Attack mental health crisis
A three-year trend of annual spikes in the number of avian flu cases locally, or West Nile virus infections, would likely have health officials scrambling to figure out the cause of the outbreaks and working to prescribe remedies.
The same should be true of the mental health issues outlined by Mesa County Attorney Lyle Dechant this week.
According to Dechant, the number of short-term, court-ordered mental health holds filed through his office has been rapidly climbing since 2009. In 2012, there were almost four times as many such holds as there were in 2009, and the number in January of this year was nearly double the number from the first month of last year.
The mental health holds — initially for 72 hours, but they can be extended for up to 90 days — amount to mandated hospitalization for people who are unable to resolve whatever mental health issues caused them problems in the first place. Often they pose a threat to themselves or others.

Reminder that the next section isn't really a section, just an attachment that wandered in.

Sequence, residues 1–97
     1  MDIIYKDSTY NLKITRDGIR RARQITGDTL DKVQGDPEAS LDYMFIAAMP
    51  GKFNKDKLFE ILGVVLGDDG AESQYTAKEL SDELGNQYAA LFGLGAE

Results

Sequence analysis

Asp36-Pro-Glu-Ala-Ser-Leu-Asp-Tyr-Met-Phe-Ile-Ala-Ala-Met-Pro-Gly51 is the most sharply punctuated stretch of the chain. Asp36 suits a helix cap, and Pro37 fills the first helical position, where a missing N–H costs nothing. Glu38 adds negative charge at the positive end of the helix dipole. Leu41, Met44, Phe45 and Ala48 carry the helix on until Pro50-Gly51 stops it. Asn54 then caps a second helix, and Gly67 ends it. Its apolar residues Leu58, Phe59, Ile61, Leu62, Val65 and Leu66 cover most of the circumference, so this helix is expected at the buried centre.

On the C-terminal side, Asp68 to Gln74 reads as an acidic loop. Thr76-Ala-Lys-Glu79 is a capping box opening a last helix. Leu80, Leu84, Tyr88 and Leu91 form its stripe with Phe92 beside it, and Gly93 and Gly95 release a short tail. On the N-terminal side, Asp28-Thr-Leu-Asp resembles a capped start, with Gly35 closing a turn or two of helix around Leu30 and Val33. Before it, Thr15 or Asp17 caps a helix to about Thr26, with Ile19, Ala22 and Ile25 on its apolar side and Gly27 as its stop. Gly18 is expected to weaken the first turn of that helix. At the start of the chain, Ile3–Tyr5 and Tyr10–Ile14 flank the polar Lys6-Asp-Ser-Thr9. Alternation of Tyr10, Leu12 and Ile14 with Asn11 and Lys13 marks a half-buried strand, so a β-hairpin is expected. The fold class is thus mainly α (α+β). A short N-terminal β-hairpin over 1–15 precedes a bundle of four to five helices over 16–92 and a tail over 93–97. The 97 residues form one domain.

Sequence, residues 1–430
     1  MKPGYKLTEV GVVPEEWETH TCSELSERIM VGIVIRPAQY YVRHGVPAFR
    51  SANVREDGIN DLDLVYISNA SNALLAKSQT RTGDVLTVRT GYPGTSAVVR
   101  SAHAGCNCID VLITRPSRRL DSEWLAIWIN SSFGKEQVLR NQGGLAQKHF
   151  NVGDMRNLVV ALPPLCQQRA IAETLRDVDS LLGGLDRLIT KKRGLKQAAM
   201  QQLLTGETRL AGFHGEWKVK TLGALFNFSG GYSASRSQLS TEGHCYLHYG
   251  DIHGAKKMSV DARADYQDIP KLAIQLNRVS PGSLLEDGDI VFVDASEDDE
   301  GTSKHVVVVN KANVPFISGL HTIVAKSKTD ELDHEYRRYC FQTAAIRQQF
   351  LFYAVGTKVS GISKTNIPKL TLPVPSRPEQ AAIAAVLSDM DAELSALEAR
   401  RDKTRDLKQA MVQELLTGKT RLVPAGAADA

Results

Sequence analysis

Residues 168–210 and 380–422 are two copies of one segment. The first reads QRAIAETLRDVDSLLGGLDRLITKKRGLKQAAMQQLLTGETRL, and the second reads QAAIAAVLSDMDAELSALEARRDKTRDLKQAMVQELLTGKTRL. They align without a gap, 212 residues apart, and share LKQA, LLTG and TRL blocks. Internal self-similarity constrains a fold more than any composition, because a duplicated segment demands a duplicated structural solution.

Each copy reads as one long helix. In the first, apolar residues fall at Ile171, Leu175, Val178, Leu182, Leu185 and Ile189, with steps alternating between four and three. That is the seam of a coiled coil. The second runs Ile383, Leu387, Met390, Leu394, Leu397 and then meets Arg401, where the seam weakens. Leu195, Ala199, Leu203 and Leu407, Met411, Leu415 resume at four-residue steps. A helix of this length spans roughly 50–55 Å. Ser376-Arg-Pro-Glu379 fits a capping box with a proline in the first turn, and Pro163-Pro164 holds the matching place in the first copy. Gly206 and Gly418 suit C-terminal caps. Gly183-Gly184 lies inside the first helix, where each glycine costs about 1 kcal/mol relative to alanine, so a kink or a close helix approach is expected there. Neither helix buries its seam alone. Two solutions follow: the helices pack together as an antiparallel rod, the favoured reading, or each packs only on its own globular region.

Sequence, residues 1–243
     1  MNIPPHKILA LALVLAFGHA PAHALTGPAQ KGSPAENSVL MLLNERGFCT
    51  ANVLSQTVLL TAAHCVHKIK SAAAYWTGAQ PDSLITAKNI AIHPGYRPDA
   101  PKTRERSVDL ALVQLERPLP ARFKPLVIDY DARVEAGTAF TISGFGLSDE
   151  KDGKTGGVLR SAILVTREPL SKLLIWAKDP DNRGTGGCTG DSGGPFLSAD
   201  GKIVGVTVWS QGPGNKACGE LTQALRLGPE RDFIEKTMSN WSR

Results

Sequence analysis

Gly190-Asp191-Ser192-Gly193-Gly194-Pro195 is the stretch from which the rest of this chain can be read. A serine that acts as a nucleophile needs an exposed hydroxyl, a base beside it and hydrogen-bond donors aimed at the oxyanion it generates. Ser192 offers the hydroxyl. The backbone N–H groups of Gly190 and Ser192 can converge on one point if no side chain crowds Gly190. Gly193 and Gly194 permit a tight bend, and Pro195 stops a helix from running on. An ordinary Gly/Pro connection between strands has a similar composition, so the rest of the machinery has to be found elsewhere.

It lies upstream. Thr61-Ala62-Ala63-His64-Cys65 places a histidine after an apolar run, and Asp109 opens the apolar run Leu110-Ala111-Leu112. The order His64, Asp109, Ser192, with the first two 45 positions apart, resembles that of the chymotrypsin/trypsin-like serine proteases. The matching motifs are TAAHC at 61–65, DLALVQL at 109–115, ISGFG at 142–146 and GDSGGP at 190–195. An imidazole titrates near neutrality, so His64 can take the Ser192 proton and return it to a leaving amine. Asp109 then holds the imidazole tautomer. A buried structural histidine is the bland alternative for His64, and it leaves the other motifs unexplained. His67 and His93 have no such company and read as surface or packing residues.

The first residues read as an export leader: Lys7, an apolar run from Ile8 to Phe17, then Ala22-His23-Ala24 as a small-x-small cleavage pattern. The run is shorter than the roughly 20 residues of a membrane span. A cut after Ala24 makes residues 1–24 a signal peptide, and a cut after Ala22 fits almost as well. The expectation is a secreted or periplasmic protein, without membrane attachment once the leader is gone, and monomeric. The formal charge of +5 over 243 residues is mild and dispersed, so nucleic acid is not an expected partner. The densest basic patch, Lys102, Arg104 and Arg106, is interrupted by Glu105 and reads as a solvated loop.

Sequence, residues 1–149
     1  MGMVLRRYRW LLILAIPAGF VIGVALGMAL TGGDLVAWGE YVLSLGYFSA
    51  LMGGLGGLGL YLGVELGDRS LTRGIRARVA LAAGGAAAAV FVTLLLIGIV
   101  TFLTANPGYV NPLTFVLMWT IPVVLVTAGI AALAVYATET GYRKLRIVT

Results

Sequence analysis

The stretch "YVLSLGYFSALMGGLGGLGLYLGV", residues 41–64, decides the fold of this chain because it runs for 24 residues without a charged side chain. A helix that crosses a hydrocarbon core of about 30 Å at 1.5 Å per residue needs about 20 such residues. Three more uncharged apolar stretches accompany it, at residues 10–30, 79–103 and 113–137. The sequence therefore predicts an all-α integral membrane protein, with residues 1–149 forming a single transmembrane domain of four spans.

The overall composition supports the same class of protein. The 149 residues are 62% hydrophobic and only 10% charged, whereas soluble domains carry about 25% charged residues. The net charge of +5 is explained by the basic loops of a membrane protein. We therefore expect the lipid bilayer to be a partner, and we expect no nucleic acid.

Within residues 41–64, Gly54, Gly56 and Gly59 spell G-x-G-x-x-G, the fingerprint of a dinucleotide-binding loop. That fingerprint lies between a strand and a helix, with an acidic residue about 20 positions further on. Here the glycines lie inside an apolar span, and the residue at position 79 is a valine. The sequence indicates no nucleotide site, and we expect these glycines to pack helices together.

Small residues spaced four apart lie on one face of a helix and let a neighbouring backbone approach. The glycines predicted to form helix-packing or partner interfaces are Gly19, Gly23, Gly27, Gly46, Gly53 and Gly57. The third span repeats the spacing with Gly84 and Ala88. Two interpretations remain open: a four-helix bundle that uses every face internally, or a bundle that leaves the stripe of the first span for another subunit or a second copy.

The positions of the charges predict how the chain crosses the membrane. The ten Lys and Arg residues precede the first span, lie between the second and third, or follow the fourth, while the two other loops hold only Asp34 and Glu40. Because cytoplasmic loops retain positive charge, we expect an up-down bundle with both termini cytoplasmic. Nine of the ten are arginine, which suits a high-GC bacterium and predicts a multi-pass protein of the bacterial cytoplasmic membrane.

Better awareness by the public about mental health problems may account for some of the increase. But other factors are also involved, and mental health experts need the resources to examine them and propose solutions.
Additionally, the growth in mental health holds is another reason to support Gov. John Hickenlooper’s proposals to increase the number of mental health beds available statewide. That would help free up more beds locally, experts say.